About this Recording
8.554173 - DVORAK: Wind Serenade / JANACEK: Mladi / ENESCU: Dixtuor
English 

Antonín Dvořák (1841-1904): Serenade for Wind
Leoš Janáček (1854-1928): Mládí
George Enescu (1811-1955): Dixtuor

 

Familiar as much of the music of Antonin Dvořák is in both the concert hall and on recordings, the Wind Serenade is one of his more unjustly neglected works on disc, falling in the shadow as it does of the much better known Serenade for Strings. Despite this, it is one of Dvořák's sunniest and most delightful compositions.

Born in the Bohemian part of the Habsburg Empire in 1841, Dvořák was to become one of the great nationalist composers of the Czech lands in the nineteenth century, the years when his compatriots were trying to establish their own national identity away from the dominant Germanic school of composition, His music is filled with folk themes, joyful celebrations of his homeland and sometimes sad longing for that mixture of emotions which seems to represent the Slavonic spirit of his people, As well as that, there is often an elegance derived from the influence of Mozart and Schubert, very apparent in the Serenade.

Dvořák's life was mainly a fairly contented existence despite the upheavals of nineteenth century history taking place around him. Nowadays he is chiefly remembered internationally for his later symphonies and chamber works and the valedictory Cello Concerto which he composed, together with the famous New World Symphony and his fairy-tale opera Rusalka, towards the end of his life.

The Wind Serenade dates from 1878, just two years before his sunny Sixth Symphony with which it shares many of its qualities. The work opens with a march suggesting all the pomp of the local village bands that Dvořák knew so well. This is followed by a Minuetto, a title that betrays the homage to the rococo wind serenade and to Mozart, although the piece owes as much to a triple time Bohemian folk-dance as it does to the classical court dance A flowing Andante makes up the third movement before the Allegro molto finale rounds off the work with a return to the opening theme.

The Romanian composer George Enescu was very different from Dvořák. The quintessentially Czech nature of Dvořák's music has no real parallels here; Enescu was more of an internationalist and spent most of his time as a performer rather than a composer, beconting a well known Bach specialist both as a conductor and as an acclaimed violinist. His life-span of nearly 75 years produced only 32 opus-numbered works and a handful of juvenilia. Born in 1881 in the Romanian town of Liveni Vima, he spent much of his time abroad and died in Paris in 1955.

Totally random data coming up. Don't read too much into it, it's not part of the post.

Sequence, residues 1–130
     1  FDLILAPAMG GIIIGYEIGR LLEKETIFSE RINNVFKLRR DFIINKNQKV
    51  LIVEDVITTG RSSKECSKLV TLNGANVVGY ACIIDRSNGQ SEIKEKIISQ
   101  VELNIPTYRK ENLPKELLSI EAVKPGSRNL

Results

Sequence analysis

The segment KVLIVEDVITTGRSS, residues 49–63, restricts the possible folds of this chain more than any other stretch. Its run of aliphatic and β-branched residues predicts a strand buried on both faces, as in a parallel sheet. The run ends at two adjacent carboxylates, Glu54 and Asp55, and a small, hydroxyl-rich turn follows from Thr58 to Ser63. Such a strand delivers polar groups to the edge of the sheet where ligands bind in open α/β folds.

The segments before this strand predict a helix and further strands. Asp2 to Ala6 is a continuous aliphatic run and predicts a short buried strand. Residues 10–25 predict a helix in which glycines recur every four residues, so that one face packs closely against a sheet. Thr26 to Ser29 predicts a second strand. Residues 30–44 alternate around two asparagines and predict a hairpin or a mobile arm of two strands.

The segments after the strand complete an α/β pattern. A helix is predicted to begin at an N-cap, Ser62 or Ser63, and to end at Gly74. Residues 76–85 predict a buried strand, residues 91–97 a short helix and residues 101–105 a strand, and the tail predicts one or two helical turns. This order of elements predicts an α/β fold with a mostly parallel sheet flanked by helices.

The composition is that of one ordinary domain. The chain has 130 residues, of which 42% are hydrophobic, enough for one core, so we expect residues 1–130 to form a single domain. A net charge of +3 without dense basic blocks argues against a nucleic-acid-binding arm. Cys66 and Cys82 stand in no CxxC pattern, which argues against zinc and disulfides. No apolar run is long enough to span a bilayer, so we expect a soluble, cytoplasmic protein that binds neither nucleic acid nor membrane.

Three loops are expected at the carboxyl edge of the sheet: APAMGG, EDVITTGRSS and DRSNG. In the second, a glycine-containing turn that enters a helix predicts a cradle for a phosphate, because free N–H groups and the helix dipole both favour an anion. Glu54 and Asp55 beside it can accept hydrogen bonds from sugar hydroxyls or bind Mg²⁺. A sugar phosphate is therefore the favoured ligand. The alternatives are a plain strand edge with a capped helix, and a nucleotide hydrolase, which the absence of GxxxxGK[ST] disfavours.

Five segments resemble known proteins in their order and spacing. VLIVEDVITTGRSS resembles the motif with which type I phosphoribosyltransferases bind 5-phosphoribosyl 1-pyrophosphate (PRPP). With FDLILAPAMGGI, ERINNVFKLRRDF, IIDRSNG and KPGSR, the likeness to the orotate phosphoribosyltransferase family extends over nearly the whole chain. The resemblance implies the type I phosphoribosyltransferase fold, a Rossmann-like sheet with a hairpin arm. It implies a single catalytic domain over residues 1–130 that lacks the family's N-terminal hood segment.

Apart from his own recordings as conductor and soloist, his most important works are his symphonies and the opera Oedipe. Although his output is small, he is still considered to be the founder of modern Romanian music.

If Dvořák's Serenade reflects the elegance of the rococo genre, then it is easy to see the influence of Bach in Enescu's Dixtuor. The three movements are scored for ten wind instruments as is the Dvořák but there is a more international feeling about the music despite a nod to the pipes of the composer's native Romania in the final part. The Dixtuor received its first performance in Paris in 1906.

The music of Janáček is nowadays widely played and his operas are some of the staple elements of international theatres, yet, this was not always the case. It is not too long ago that his declamatory style and odd rhythms put him in the class of 'difficult' composers. That much of his music is vocal or operatic and written in the Czech language meant problems at least linguistically in exporting his works. Janáček was not just an optimist, but also a patriot for the Czechoslovak cause and a dedicated pan-slavist and admirer of Russian culture.

Born in 1854 in Hukvaldy in Moravia, the fifth of the nine children of the local schoolteacher, Janáček is remarkable in not having reached his musical maturity until the composition of his opera Jenůfa which took him nine years to write between 1894 and 1903 and which, although performed in Brno in 1904, made Janáček's fortune only when it opened in Prague in 1916. The major works of his maturity now streamed from his pen as he found love, albeit unreciprocated, late in his life with the young Kamila Stösslová to whom he wrote over 700 letters.

One of the products of this genuinely new-found youth was the wind sextet Mládí (Youth) written for his own seventieth birthday in July 1924, only four years before his death, The piece is consciously based on the composer's own youth when he was a chorister in Brno and pupil of Pavel Křížkovský and in the third movement, Vivace, it quotes from his March of the Blue Boys. The Moravian folk melodies of the work's four movements come from the area of Janáček's birth and have a melodic quality not found in all of the composer's music. Beginning with an Allegro in Rondo form, there follows a slow movement theme and variations in D flat. Then comes the Blue Boys March with its echoes of the composer's own youth and finally the Allegro animato returns to the opening themes of the work.

David Doughty

 


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